From studio to stage: Dance breaks down boundaries
If you know any stagestruck youngsters begging for ballet lessons, a trio of new dance books will get them off on the right foot. As these stories demonstrate, everyone has a special sort of grace, an inner vision that’s worth expressing through movement. Share these inspiring books with aspiring Sugar Plum Fairies, and they’ll be demanding an encore.
Authors Jan Greenberg and Sandra Jordan have collaborated on several award-winning art books for young readers, including Christo and Jeanne-Claude: Through the Gates and Beyond. They have a gift for distilling multilayered historical incidents into appealing, easy-to-understand narratives. Their new book, Ballet for Martha: Making Appalachian Spring, is a fascinating account of the history-making collaboration that occurred in the 1940s between composer Aaron Copland, sculptor Isamu Noguchi and modern-dance choreographer Martha Graham. Re-imagining the give-and-take that transpired between the trio as they completed the legendary dance piece Appalachian Spring, Greenberg and Jordan offer readers a unique glimpse of creative minds at work.
The story takes place in the studio and on the stage, as Martha develops movement for the dance, which features a cast of American archetypes: The Pioneer Woman, the Preacher, the Bride and her Husbandman. Noguchi, meanwhile, creates minimalist sets to suit Martha’s aesthetic, and Copland composes “rarin’ to go rhythms” that synthesize traditional American musical genres—a blend of reels, ballads and hymns that provide the perfect melodic backdrop for the piece. The dance’s triumphant premiere takes place on October 30, 1944, with Martha herself performing as the Bride. Brian Floca’s detailed watercolors deliver a sense of the choreographic style—athletic, angular and somewhat primitive, with none of ballet’s gentle refinement—that would make Martha famous. For young readers unfamiliar with modern dance, this is a magical introduction to an important artist. Source notes, biographies and a bibliography supplement this accessible story.
Brontorina, a winning picture book by James Howe, shows that the spirit of dance can strike any species. When Brontorina Apatosaurus, an orange dinosaur of planetary proportions, appears at Madame Lucille’s Dance Academy for Girls and Boys, she’s dying to unleash her inner ballerina. Madame is initially confounded by her would-be pupil, but the children persuade her to let Brontorina take the class, where she proves surprisingly graceful—although a flip of her tail nearly flattens the students, and with every jeté, her head scuffs the ceiling.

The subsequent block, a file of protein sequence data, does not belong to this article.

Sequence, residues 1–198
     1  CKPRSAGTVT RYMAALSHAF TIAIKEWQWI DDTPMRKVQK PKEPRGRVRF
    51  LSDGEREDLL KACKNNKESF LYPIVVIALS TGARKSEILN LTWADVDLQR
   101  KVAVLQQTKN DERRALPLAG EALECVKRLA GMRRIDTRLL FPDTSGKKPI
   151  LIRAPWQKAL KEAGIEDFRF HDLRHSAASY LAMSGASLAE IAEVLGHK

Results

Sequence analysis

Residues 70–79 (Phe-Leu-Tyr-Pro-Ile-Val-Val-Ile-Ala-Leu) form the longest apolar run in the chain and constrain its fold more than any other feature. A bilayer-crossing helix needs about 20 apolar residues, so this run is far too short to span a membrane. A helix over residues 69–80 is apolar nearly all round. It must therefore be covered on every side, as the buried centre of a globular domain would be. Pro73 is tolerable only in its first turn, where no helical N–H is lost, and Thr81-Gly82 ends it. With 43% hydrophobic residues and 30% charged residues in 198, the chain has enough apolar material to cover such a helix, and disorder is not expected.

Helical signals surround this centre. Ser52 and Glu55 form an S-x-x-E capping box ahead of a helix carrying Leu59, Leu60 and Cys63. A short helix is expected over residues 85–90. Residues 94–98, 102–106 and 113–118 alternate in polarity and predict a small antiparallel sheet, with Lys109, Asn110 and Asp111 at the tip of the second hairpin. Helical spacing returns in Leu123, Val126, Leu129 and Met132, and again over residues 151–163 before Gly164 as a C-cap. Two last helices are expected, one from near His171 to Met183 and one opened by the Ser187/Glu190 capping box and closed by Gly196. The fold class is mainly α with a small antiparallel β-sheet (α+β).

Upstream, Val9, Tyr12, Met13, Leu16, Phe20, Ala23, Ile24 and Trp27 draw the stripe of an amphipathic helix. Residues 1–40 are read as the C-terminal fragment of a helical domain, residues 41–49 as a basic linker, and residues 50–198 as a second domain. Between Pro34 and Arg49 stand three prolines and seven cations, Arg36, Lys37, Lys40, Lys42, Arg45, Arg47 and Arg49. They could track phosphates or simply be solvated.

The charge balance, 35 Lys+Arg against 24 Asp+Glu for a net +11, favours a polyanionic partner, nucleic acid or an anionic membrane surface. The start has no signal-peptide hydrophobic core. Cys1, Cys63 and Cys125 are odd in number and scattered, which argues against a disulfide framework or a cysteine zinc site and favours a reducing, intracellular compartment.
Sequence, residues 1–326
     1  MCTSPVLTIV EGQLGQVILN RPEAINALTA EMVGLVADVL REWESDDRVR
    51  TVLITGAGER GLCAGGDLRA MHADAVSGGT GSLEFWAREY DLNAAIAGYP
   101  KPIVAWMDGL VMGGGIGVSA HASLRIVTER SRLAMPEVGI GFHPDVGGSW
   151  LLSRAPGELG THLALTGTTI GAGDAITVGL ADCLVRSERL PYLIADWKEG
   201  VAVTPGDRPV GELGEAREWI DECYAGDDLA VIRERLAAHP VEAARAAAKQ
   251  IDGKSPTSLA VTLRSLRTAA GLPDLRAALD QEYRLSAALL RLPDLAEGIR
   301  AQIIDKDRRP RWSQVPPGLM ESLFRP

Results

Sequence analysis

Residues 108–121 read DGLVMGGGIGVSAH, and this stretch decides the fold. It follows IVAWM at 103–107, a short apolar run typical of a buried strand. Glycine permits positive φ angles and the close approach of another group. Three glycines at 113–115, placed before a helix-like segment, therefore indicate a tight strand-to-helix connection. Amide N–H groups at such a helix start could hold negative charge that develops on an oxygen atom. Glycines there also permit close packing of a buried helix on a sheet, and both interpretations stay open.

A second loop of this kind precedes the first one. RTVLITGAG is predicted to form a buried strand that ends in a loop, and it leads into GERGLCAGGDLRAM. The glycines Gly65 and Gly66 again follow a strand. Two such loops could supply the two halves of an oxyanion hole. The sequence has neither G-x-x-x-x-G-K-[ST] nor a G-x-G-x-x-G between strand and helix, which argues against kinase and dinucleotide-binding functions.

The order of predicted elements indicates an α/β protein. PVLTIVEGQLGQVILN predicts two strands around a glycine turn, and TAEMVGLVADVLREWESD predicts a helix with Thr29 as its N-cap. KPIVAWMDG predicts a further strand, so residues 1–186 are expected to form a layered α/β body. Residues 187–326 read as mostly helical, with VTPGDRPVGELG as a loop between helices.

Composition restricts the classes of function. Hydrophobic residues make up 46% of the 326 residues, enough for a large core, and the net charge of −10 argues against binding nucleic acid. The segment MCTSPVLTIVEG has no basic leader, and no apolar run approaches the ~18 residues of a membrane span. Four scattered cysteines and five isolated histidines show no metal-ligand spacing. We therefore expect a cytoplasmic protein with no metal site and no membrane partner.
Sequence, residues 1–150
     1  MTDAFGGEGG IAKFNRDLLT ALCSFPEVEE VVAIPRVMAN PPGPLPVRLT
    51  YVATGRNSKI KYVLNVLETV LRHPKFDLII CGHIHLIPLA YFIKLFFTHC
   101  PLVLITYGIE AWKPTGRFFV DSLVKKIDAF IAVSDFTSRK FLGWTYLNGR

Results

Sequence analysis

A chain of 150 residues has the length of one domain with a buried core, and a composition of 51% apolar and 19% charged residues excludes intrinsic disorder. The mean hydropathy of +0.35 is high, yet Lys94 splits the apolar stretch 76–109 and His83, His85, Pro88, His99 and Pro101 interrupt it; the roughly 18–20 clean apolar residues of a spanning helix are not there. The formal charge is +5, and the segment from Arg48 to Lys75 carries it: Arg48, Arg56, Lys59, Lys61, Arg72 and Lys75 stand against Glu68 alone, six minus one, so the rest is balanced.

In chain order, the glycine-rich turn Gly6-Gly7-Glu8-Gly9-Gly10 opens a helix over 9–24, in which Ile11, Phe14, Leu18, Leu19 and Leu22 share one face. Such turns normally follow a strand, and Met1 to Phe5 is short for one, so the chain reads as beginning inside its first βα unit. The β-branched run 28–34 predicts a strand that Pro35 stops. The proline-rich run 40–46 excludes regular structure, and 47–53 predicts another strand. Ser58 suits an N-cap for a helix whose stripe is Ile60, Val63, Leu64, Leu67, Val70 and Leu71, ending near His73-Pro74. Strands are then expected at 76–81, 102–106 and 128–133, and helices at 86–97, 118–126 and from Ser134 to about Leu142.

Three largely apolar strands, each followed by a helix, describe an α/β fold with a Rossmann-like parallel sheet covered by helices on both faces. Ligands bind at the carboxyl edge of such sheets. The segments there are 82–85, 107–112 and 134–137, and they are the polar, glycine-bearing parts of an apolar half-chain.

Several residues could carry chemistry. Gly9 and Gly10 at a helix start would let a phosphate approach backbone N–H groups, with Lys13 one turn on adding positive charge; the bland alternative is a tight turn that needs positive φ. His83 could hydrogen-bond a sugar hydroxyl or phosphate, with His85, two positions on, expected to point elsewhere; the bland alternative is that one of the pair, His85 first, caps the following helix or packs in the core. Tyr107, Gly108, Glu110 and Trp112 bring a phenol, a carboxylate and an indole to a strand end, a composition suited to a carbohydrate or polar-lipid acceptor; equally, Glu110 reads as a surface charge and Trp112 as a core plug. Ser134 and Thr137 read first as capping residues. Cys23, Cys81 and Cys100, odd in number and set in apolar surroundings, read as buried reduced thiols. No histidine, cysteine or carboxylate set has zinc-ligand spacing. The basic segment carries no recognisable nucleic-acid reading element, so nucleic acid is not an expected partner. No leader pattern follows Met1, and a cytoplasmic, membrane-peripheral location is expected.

Brontorina feels more at ease in the studio after Clara, a fellow student, comes to class with a surprise: a pair of ballet slippers in Brontorina’s size (that’s extra-, extra-, extra-large). When all is said and done, Brontorina’s large-scale talent exceeds the limits of the Dance Academy, and a search for an adequate performance space ensues—with unexpected results. “I want to dance,” Brontorina insists from the start. By the end of this amusing book, her dream has come true. Brought charmingly to life by Randy Cecil’s ebullient illustrations, Brontorina’s story will please ballet lovers of all ages.
The author of more than 50 books for young readers, Lesléa Newman presents an inspiring story about the importance of perseverance with Miss Tutu’s Star. Selena is a girl who lives to dance. It’s how she moves through the world. It’s what she does instead of socializing. Inevitable, then, is the trip she and her mother make to Miss Tutu’s Dance Academy so she can enroll in ballet class. At the studio, the lithe, limber Miss Tutu teaches an assemblage of adorable students—bewildered-looking boys and prim girls, all clumsy and uncertain as they struggle with new steps.
In class Selena is discouraged by ballet’s challenges, but her teacher provides encouragement: “Even when Selena fell, / Miss Tutu said, ‘You’re doing well. / What matters most is from the start, / My dear, you’ve always danced with heart.’” With patience and practice, Selena becomes more accomplished, and she makes a surprising stage debut that brings the audience to its feet. Delivered in delightful rhymed verse, her story is sure to strike a chord with little ballerinas. Carey Armstrong-Ellis’ colorful paintings convey Selena’s love of movement—the sheer joy she experiences through dance. A fun, frolicsome tale, Miss Tutu’s Star proves that practice pays off.